Gary Moller: [DipPhEd PGDipRehab PGDipSportMed(Otago)FCE Certified, Kordel's and Nutra-Life Certified Natural Health Consultant]. ICL Laboratories registered Hair Tissue Mineral Analysis and Medical Nutrition Consultant.

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Sunday, March 08, 2009

Basketball player with sacroiliac joint dysfunction pain

My name is Laz and I am a basketball player playing college basketball in United States. I saw your video about glucosamine and chondroitin on Youtube, and I need your advice.

Around begining of September 2008 I started experiencing pain in my lower back. After seeing a spine specialist, I found out that I had an SI(sacroiliac) joint disfunction. I'm sure that you are familiar with it but just in case - a joint between my hips and the base of the spine (sacrum). Doctor told me that it was overused and was lacking some liquid for fluent motion, and that was the reason why the range of motion in that joint decreased. I tried everything to fix it - I went to chiropractor, did physical therapy for a long time, took time of from practicing to get some rest etc. Nothing really helped me. Up until a week ago it was very painfull.

Then I bought "Sundown"(name of the company) GLUCOSAMINE CHONDROITIN Advanced Formula dietary supplement in a form of a tablet. I started taking it a week ago 3 times a day and I really feel some relief. The pain and the inflamation reduced. I am 22 years old and plan on playing basketball for a long time.

I am performing on a high level every day besides the pain that I constantlly feel. Since the SI joint is a joint like any other and the dietary supplement helped me in such a short time I was wondering, considering your expertise in the field, if you could recomend something, that in your oppinion, will regenerate the cartilage completelly and help me in future.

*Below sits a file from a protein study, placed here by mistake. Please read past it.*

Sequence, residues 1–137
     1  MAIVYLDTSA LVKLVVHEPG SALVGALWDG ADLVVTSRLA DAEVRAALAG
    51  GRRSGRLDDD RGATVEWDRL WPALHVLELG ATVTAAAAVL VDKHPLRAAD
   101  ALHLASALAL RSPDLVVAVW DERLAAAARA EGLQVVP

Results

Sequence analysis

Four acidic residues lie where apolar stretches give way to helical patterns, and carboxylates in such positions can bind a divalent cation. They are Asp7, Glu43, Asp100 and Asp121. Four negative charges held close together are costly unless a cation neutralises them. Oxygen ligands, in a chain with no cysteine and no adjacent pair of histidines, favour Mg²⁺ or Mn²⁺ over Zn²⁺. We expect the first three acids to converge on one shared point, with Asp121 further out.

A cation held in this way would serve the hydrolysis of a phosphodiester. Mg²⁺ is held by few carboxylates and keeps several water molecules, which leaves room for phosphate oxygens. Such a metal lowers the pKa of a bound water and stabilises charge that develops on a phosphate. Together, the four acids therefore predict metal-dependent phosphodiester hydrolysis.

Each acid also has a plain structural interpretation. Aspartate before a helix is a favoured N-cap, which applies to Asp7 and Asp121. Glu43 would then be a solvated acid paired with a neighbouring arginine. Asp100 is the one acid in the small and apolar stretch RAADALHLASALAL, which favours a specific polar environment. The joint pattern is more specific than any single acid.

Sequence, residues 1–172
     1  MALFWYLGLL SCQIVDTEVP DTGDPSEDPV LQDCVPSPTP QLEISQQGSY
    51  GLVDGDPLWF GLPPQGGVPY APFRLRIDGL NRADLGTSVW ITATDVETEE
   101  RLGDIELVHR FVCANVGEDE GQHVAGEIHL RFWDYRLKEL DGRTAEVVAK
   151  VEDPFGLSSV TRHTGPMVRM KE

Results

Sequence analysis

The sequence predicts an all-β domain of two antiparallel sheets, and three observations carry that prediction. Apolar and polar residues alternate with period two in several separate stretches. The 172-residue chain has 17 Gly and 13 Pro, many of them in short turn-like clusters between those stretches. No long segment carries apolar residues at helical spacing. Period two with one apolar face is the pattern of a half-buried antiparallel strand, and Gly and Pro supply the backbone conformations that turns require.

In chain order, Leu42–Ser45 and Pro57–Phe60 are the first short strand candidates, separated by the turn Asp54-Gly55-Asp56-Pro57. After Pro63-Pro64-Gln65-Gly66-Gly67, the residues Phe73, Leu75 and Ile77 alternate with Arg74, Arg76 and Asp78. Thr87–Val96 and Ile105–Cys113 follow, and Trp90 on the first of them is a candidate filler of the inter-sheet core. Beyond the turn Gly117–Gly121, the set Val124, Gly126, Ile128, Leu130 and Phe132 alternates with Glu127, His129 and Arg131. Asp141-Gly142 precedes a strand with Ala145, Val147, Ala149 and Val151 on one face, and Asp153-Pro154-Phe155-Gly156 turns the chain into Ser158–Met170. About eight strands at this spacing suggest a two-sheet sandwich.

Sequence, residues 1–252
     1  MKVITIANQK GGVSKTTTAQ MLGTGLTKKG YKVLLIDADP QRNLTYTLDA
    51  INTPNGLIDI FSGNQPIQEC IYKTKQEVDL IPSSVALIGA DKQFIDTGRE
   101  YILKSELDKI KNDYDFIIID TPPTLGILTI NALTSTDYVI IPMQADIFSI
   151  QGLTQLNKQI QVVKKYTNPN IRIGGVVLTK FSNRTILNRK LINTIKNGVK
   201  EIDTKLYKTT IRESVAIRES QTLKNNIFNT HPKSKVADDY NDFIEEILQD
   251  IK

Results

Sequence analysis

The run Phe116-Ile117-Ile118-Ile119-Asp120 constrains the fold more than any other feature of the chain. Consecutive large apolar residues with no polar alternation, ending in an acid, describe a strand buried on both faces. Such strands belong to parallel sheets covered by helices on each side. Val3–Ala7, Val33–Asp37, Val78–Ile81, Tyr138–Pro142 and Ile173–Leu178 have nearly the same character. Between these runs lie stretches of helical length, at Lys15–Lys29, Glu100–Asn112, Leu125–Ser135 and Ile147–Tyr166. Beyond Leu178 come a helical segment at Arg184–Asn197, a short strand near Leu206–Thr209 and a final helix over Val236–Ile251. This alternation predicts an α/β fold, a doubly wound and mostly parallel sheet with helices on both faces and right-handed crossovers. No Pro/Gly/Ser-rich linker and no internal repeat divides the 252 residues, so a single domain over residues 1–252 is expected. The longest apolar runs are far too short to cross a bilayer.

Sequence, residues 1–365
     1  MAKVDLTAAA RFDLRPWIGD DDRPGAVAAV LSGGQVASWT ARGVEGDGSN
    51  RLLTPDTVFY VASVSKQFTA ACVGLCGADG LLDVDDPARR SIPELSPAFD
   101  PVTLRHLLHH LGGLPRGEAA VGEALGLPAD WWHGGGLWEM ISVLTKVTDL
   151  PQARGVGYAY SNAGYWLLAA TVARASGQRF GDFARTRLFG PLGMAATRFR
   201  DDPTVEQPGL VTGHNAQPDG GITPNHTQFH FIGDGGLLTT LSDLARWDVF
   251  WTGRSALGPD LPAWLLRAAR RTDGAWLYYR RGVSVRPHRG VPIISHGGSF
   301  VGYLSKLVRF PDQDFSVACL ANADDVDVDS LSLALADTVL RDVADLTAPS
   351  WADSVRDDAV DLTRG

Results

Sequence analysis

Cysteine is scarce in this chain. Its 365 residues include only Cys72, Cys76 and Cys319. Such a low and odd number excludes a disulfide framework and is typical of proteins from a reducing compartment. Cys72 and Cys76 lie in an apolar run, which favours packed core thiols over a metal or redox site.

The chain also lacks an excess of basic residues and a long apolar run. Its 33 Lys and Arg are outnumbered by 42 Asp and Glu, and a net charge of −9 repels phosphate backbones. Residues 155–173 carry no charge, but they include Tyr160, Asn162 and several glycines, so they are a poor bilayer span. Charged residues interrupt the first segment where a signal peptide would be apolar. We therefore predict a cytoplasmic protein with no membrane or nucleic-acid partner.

Laz
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Gary Moller responds:
Laz, the better joint food supplement would be the Balance Joint and Cartilage Repair for Athletes. Take about three scoops per day for about three months with food and then reduce to about 1 per day thereafter. I can deliver to the USA at competitive prices, by the way.

While this is undoubtedly of benefit, you will find that there may be a more simple cause of the sacroiliac pain. Basketball involves violent use of the butt muscles. These are likely to be knotted and inflamed, consequently locking up the sacroiliac and hip joints. Scaroiliac joint dysfunction would have to be the most common back complaint and I see at least one new case every working day.

Try a once weekly deep tissue massage of the butt, low back and upper leg muscles, concentrating on alleviating all areas of hardness and tenderness in these muscles. There are sure to be many! Do regular hip and low back stretches. My book on back pain is a good resource of these exercises. You should notice significant relief and boost in basketball performance within 3-4 weeks of commencing these.
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